1. Basic concept of lithium-air battery
Lithium-air batteries, known as “breathable batteries”, have a theoretical specific energy of nearly 11,700W·h/kg (excluding the weight of oxygen in the air), which is comparable in energy density to gasoline.
More importantly, the oxygen in the cathode reaction can theoretically come from the air, and no substances harmful to the environment will be produced in the whole process, which is a completely green process with zero pollution.
Generally, the structure of a lithium-air battery is mainly divided into a metal lithium negative electrode, an electrolyte (non-aqueous proton electrolyte, aqueous electrolyte, mixed electrolyte of water and non-aqueous, all-solid electrolyte), a separator, and an air electrode. The schematic diagram is shown in Figure 1. In the work of studying air batteries, in order to avoid the influence of pollutants (water, carbon dioxide, etc.) in the air on the battery, it is usually used to work in an oxygen environment. Therefore, there is no essential difference between lithium-air batteries, air electrodes and oxygen electrodes (except for special indications). The following contents are collectively referred to as lithium-air batteries.
Working principle (take the organic electrolyte system as an example): During discharge, the metal lithium negative electrode loses electrons and becomes Li+, and Li+ reaches the air positive electrode through diffusion. At this time, oxygen in the air is dissolved in the electrolyte, and O2 gets electrons at the positive electrode to undergo a reduction reaction, and combines with Li+ in the electrolyte to form a discharge product Li2O2. During charging, Li2O2 is oxidized and decomposed to release O2, and Li+ is reduced at the negative electrode to form metallic Li. The electrode reaction expression is as follows:
Positive electrode: Li↔Li++e–
Negative electrode: 2Li++2e–+O2↔Li2O2
Overall response: 2Li+O2↔Li2O2
The above reaction is reversible under certain conditions, which can realize the cyclic charge-discharge of lithium-air battery.
However, due to the influence of solvents, supporting electrolytes, catalysts, additives, electrode potentials, etc., the charge and discharge of lithium-air batteries will be regulated by the equivalent reaction mechanism of surface phase and solution.
2. Separators, polymer binders and current collectors for lithium-air batteries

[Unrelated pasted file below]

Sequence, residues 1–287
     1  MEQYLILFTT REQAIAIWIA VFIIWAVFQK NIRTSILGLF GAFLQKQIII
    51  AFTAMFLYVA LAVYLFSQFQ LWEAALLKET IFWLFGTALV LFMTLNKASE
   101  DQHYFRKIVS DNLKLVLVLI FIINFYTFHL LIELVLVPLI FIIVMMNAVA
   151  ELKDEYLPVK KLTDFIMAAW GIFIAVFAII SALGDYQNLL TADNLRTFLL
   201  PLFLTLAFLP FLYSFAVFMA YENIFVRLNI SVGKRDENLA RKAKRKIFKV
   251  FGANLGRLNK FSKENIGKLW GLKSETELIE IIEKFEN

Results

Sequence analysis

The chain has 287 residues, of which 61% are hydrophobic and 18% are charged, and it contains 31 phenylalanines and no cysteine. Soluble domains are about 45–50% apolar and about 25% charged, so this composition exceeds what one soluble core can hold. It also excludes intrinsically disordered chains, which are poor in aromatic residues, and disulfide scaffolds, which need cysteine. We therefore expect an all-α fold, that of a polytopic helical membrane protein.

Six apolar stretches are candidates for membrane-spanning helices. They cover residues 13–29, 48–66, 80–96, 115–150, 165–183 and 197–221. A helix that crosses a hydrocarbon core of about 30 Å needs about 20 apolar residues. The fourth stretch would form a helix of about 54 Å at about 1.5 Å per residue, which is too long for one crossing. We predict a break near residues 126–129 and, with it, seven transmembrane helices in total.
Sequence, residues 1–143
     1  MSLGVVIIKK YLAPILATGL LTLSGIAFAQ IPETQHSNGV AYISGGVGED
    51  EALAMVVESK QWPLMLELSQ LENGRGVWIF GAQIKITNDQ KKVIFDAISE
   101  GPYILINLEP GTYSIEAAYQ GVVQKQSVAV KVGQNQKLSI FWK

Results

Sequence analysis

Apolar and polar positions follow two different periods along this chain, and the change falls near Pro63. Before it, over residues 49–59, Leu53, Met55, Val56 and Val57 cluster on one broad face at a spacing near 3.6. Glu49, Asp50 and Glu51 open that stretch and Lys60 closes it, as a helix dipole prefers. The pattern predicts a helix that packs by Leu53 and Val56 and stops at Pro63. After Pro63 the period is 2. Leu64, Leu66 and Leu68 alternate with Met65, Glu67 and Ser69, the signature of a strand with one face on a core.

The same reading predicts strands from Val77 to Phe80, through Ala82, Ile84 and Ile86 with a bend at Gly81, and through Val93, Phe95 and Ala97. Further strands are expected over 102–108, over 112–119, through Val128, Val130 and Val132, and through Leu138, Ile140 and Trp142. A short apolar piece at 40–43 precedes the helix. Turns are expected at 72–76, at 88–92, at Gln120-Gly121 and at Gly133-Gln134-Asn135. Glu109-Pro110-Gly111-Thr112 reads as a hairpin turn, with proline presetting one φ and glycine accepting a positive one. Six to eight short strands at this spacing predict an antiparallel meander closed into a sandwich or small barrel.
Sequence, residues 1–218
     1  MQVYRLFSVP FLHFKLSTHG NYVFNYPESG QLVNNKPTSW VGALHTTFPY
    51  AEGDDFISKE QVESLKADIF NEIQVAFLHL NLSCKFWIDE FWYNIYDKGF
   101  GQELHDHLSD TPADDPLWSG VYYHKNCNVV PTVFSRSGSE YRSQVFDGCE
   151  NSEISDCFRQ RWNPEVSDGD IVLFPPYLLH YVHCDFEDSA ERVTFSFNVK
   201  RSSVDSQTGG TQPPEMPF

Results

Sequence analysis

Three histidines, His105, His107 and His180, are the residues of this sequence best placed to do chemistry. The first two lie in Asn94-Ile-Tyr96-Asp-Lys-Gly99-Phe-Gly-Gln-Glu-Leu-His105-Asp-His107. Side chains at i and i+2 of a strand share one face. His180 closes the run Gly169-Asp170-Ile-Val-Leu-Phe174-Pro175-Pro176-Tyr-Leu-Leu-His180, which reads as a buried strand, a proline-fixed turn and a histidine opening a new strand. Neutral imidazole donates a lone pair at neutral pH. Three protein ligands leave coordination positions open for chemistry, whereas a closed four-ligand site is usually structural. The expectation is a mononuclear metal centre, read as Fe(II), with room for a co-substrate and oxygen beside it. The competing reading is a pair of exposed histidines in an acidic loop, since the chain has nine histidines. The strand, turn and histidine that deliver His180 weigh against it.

The widely used lithium-air battery separators are mainly composed of polyethylene (PE), polypropylene (PP), polyurethane (PU), glass fiber separator (GF) and so on. PE separators are commonly used battery separators with high porosity, while PU separators have low porosity. PU can isolate the contact of metal lithium with water and oxygen, and alleviate the occurrence of side reactions to a certain extent. The development of separators with selective permeability is of great significance for stabilizing lithium metal anodes.
(2) Polymer binder
The widely used binders for the preparation of air electrodes in lithium-air batteries mainly include polyvinylidene fluoride (PVDF), polytetrafluoroethylene (PTFE), polyethylene (PE), polypropylene (PP), polyethylene oxide (PEO), etc. The main function of the binder is to make the positive electrode active material contact the conductive agent or current collector more closely and prevent it from falling off.
In addition, the above-mentioned organic binder widely used in the electrode preparation process will affect the overall conductivity of the electrode, thereby reducing the electron transport ability. At the same time, the binder will be degraded during the battery reaction process, resulting in the destruction of the overall structure of the electrode, increasing the contact resistance of the electrode active material, electrolyte and oxygen, which directly affects the electrochemical performance of the battery. To this end, the development of non-binder electrode materials is full of potential and challenges.
(3) Current collector
The current collector mostly uses metal electronic conductors, and the load electrode material is in close contact with it, which is an indispensable part of the assembly of rigid and flexible energy storage devices. At present, the widely used air electrode current collectors include metal mesh (metal stainless steel mesh, aluminum mesh, nickel mesh, copper mesh, etc.), metal foam current collectors (foamed copper, foamed nickel, etc.), and non-metallic current collectors (carbon paper), etc.